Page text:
Growing Swede in the Winter Vegetable Garden

Growing Swede

Brassica napus napobrassica

The swede, also known as rutabaga, is most popular in the north of England, and indeed is easier to grow in the cooler, wetter areas of the country. Like other brassicas it takes up quite a lot of space in the garden, so if you have only a small plot you will need to plan your cropping programme carefully if you intend to grow cabbages, sprouts, broccoli, or cauliflower as well.

When growing swede, sow in May in the north and in mid-June in the south; water the rows before sowing to help germination. Sow at a depth of 20-25 mm (¾-1 in), with two or three seeds at each growing point and with 400 mm (16 in) between each point. If you stagger the positions of the growing points in alternate rows, the rows can be spaced only 200 mm (8 in) apart. Thin to the strongest seedlings at each point.

growing swede When you are growing swede, the soil should have been dug well in the autumn or winter, with compost thoroughly mixed in for a previous crop. Like all brassicas swedes will not tolerate acid soils. Before sowing break the soil down to remove any lumps, and work in a general fertiliser and also hydrated lime if necessary (see Brassicas for quantities of lime required). Keep the soil moist.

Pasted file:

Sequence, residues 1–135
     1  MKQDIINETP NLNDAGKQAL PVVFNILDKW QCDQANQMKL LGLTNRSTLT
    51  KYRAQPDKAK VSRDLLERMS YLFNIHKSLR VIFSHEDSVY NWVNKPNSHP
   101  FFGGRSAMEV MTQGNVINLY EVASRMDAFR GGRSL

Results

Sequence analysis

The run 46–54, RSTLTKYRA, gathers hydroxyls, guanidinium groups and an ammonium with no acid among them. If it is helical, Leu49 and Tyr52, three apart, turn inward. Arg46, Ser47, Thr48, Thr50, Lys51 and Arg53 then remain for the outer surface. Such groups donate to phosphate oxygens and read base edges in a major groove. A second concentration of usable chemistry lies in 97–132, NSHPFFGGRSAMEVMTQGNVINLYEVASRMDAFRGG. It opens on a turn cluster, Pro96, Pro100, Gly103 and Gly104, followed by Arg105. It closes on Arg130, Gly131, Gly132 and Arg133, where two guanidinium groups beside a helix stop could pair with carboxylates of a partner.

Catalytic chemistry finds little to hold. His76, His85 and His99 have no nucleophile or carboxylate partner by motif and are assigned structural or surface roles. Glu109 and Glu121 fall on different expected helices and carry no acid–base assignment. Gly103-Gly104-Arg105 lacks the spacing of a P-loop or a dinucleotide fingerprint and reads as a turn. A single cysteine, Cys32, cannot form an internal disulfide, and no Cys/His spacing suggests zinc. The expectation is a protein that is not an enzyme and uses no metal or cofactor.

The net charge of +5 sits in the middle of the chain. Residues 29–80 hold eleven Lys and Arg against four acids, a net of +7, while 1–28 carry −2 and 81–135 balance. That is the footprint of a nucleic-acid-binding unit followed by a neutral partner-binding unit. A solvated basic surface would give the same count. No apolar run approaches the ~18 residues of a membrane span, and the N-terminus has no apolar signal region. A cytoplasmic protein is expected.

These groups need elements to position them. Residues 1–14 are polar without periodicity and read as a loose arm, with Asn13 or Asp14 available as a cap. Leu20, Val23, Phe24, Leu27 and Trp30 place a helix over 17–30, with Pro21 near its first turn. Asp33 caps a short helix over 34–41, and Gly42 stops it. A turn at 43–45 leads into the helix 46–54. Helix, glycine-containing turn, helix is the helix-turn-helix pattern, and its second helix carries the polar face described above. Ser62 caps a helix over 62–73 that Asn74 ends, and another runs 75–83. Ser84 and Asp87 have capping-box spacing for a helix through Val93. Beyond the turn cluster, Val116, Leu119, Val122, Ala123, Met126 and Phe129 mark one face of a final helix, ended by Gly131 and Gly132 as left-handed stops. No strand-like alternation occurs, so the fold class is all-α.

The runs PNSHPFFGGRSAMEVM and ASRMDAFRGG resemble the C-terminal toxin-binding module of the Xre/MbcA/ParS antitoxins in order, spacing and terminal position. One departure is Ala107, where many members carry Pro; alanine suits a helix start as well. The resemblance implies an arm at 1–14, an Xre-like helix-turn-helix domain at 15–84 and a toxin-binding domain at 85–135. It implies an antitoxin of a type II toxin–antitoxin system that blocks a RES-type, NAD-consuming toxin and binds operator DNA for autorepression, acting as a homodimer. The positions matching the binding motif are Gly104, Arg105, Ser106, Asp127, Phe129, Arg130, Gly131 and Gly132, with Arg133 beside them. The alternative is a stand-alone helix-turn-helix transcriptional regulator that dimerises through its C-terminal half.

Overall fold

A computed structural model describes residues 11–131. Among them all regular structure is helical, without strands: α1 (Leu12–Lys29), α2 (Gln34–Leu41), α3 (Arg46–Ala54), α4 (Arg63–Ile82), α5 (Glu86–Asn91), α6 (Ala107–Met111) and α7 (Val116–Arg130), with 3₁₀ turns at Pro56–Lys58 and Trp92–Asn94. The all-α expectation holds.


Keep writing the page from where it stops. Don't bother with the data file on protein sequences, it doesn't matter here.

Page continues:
Pests and diseases: see Brassicas

Harvest as required in late autumn and winter in milder areas. In cold areas it may be best to store the mature roots. Lift the plants, remove their tops, and place the roots in boxes of sand in a cool, frost-free place; alternatively, they may be stored in clamps, where they will keep better than turnips.


It is better to buy seed of either the purple top or the bronze top kinds. Purple Top Kelvedon Advanced, glebe-shaped; free from neck, good quality, suits north or south.

Tipperary, rosy purple globe. Good, heavy cropper. Bronze Top Lord Derby, elongated globe. Good keeper and heavy cropper.

Ne Plus Ultra, a round root with dwarf foliage. Good keeper. Suitable for small gardens.

‘Marian’; ‘Sutton’s Western Perfection’ (both these varieties resist club root)

Site: Most

Soil: Good, moist, and enriched with compost; add lime if necessary

Sow: May in the north, mid-June in the south

Harvest: Late autumn and winter Sutton’s Western Perfection is one of the newer varieties of swede, with good resistance to club-root disease.

19. October 2010 by Dave Pinkney
Categories: Brassicas, Kitchen Garden | Tags: , , , | Comments Off on Growing Swede in the Winter Vegetable Garden


Get every new post delivered to your Inbox

Join other followers: